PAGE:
High blood pressure is one of the most common forms of heart disease in the United States. I have numerous patients who come into my office needing assistance with this problem. Most people diagnosed high blood pressure have been advised to reduce their salt intake. What many people do not realize is that the high sodium intake is a result of hidden salt that is found in processed foods or foods bought at restaurants or carry out establishments, not the table salt used to season their foods. In the Centers for Disease Control and Prevention study, published in the Archives of Internal Medicine, the message is that high salt and low potassium intake seems to be a combination that will put people at higher risk of heart disease and potential fatality. In the 15-year study the researchers found that people who had high sodium and low potassium diets were 50 percent more likely to die from any cause and twice as likely to die from heart disease than all the other participants in the study.
What I like about this study is that is looks at a combination of minerals instead of just looking at sodium intake. Our bodies use a combination of different minerals as co-factors in nearly all of our metabolic processes. When our body starts to move out of balance and begins to create disease processes like high blood pressure or heart disease, it is usually due to several factors occurring over a long period of time, not just one isolated mineral. The idea that just one mineral like sodium is the cause of major disease is a narrow look at how our bodies work. This study brings to light the idea that we need to look at the right balance of nutrients to keep the body in good health. One of the lead researchers recommended more servings of fresh fruit and vegetables that contain high amounts of potassium. Examples of foods that are high in potassium are also categorized as "superfoods" are sweet potatoes, spinach and oranges.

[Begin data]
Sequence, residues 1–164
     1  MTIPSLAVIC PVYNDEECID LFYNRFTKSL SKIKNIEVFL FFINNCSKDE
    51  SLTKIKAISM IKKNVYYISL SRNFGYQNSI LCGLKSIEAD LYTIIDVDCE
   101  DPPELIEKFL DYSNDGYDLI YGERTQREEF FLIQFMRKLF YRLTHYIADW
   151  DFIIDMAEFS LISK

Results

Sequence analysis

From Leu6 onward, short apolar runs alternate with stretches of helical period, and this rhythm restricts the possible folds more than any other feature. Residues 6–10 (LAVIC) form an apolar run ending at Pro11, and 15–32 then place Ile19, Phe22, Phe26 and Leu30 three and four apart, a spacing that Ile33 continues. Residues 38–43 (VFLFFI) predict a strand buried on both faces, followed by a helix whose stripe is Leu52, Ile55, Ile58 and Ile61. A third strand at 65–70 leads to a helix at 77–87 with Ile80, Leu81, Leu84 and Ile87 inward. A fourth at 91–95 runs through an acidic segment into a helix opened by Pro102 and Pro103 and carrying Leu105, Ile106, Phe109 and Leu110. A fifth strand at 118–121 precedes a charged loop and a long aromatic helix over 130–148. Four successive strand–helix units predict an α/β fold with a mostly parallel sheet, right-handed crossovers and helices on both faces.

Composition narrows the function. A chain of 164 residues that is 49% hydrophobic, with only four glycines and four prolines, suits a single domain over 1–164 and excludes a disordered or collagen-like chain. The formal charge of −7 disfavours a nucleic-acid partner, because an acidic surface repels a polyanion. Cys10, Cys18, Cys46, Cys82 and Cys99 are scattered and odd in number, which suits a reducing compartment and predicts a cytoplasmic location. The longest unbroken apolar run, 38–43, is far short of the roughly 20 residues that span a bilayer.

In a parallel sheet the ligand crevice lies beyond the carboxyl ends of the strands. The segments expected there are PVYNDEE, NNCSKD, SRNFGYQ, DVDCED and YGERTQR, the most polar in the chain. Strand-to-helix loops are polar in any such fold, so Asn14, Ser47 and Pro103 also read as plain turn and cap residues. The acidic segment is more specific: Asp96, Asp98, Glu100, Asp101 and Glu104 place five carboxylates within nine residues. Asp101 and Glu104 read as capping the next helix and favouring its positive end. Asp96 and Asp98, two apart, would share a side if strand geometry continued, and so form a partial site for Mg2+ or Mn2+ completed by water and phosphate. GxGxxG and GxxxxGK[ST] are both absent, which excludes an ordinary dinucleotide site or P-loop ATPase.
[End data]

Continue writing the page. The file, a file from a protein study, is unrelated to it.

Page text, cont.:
The take-away message I would like to leave you with is to focus and concentrate on a balanced approach to our nutrition: eat healthy whole foods and think about a balance of nutrients and minerals as an approach to a healthier you.